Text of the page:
|Who led food price flare-up?|
|Even as some food items fluctuate up and down from one year to next, some such as|
|turmeric rise sharply continuously|
|Risen the most||Wt. in FAI*||'09 to '10||Fallen the most||Wt. in FAI*||'09 to '10|
|'08 to '09||'08 to '09|
|'07 to '08||'07 to '08|
|Figures in per cent|
|Year-on-year changes are calculated based on yearly averages of weekly prices|
|* Weight in Food Articles Index|
|Source: Capitaline Neo, FCRB|
January 21, 2011
life in financial markets: 3-year analysis of food prices in india
In order to interpret a relatively longer term trend in food prices that the Indian government uses in its Food Articles Index (a part of Wholesale Price Index) I did a story (in the newspaper I work) early this month.
Here is what I wrote:
Price volatility in some, consistent rise in others
Analysis of 55 food items reveal lesser-known ones registering the highest price increase
Onions have the potential to make government ministers cry in fear if its price keeps shooting up but it is not onion that has led the price rise in food articles over a longer time frame. The Food Articles Index (FAI), which weighs 14.34 per cent in Wholesale Price Index-All Commodities (WPI), rose by 17.39 per cent from its average of weekly prices in 2009 to that in 2010.
With respect to individual food items, out of 55 food items (cereals, pulses, vegetables, fruits, milk, eggs-meat-fish, spices and tea-coffe) that form a part of the FAI, 25 rose more than FAI and onion was not in this list, as per a FCRB analysis. Taking yearly averages, onion's price went up by only 5.25 per cent from 2009 to 2010. But from 2008 to 2009, it was the sixth highest riser at 36.36 per cent. Interestingly, in the year-on-year (YoY) period prior to that, from 2007 to 2008, onion price had fallen by 17.85 per cent.
Such volatility was the norm for many food items -- up in one year, down in next, again up in the following year, or vice versa. For instance, among the five highest gainers and decliners in the last three YoY periods, potato fell by the third-largest quantum of14.32 per cent from 2007 to 2008, shot up by the highest quantum of 70.57 per cent from 2008 to 2009, and fell by the highest quantum of 32.07 per cent from 2009 to 2010 (see table).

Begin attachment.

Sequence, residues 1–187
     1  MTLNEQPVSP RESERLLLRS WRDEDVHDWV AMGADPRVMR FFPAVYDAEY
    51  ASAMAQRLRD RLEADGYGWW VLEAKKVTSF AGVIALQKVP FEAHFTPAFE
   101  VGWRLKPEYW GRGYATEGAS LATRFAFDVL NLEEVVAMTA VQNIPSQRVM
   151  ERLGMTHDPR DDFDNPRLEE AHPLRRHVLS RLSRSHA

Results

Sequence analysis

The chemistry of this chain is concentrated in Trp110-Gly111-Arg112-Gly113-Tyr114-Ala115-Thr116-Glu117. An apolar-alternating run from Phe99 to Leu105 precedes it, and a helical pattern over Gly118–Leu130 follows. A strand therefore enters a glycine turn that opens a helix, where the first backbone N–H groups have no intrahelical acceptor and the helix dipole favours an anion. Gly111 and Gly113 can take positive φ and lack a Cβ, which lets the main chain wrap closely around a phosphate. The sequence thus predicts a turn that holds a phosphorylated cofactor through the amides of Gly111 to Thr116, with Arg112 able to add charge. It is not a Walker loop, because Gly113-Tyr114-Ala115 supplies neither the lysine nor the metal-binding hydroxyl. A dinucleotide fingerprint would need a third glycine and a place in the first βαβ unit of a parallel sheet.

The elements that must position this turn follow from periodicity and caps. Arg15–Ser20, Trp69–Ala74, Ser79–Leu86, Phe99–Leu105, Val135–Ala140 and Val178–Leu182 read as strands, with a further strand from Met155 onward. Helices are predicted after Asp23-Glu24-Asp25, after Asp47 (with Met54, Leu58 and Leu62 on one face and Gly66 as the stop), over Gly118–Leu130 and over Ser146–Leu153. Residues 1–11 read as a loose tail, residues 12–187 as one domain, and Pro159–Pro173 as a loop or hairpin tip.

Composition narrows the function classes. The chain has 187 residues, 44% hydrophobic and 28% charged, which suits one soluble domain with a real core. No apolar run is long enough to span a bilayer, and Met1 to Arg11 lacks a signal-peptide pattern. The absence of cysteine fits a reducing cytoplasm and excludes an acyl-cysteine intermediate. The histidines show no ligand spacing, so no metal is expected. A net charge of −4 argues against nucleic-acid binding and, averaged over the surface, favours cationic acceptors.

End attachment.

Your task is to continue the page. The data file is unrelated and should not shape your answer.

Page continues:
But there were a few consistent price gainers among the 55 food items in the three YoY periods. These included such as turmeric, cardamom, litchi, fish, arhar, tapioca, milk, orange, papaya, mutton and okra. The only consistent declining food item was gram that declined in the last two YoY periods and went up by a marginal 0.15 per cent from 2007 to 2008.
But the food items that impacted the FAI the most adversely were the ones that weighed the most in the index and which were shooting up consistently. For instance, the five food items that weigh the most in FAI -- milk (22.59 per cent weightage in FAI), rice (12.48 per cent), wheat (7.81 per cent), fish-marine (5.02 per cent) and mango (4.53 per cent) have all gone up in all the last three YoY periods, barring one instance of mango falling by a small quantum from 2008 to 2009. Milk, for instance, has gone by 6.01 per cent (2007 to 2008), 14.32 per cent (2008 to 2009) and 24.49 per cent (2009 to 2010). In the same three periods, fish-marine has shot up by 9.08 per cent, 8.77 per cent and 40.81 per cent and rice by 12.81 per cent, 13.68 per cent and 7.03 per cent.